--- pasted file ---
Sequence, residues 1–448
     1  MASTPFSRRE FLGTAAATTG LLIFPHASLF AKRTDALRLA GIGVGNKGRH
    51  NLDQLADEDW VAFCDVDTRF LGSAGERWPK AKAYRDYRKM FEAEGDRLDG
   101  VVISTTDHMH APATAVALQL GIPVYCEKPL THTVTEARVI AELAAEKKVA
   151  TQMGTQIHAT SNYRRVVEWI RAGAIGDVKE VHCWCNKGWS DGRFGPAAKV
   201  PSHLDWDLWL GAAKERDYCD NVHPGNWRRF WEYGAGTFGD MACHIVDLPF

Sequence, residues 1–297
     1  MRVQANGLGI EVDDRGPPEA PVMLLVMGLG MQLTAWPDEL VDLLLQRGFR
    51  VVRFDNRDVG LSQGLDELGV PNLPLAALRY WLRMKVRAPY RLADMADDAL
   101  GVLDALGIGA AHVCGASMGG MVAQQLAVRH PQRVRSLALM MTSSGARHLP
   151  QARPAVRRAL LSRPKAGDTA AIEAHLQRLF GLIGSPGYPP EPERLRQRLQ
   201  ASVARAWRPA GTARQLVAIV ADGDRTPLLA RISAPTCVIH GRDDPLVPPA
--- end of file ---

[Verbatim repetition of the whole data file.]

Sequence, residues 1–448
     1  MASTPFSRRE FLGTAAATTG LLIFPHASLF AKRTDALRLA GIGVGNKGRH
    51  NLDQLADEDW VAFCDVDTRF LGSAGERWPK AKAYRDYRKM FEAEGDRLDG
   101  VVISTTDHMH APATAVALQL GIPVYCEKPL THTVTEARVI AELAAEKKVA
   151  TQMGTQIHAT SNYRRVVEWI RAGAIGDVKE VHCWCNKGWS DGRFGPAAKV
   201  PSHLDWDLWL GAAKERDYCD NVHPGNWRRF WEYGAGTFGD MACHIVDLPF

Sequence, residues 1–297
     1  MRVQANGLGI EVDDRGPPEA PVMLLVMGLG MQLTAWPDEL VDLLLQRGFR
    51  VVRFDNRDVG LSQGLDELGV PNLPLAALRY WLRMKVRAPY RLADMADDAL
   101  GVLDALGIGA AHVCGASMGG MVAQQLAVRH PQRVRSLALM MTSSGARHLP
   151  QARPAVRRAL LSRPKAGDTA AIEAHLQRLF GLIGSPGYPP EPERLRQRLQ
   201  ASVARAWRPA GTARQLVAIV ADGDRTPLLA RISAPTCVIH GRDDPLVPPA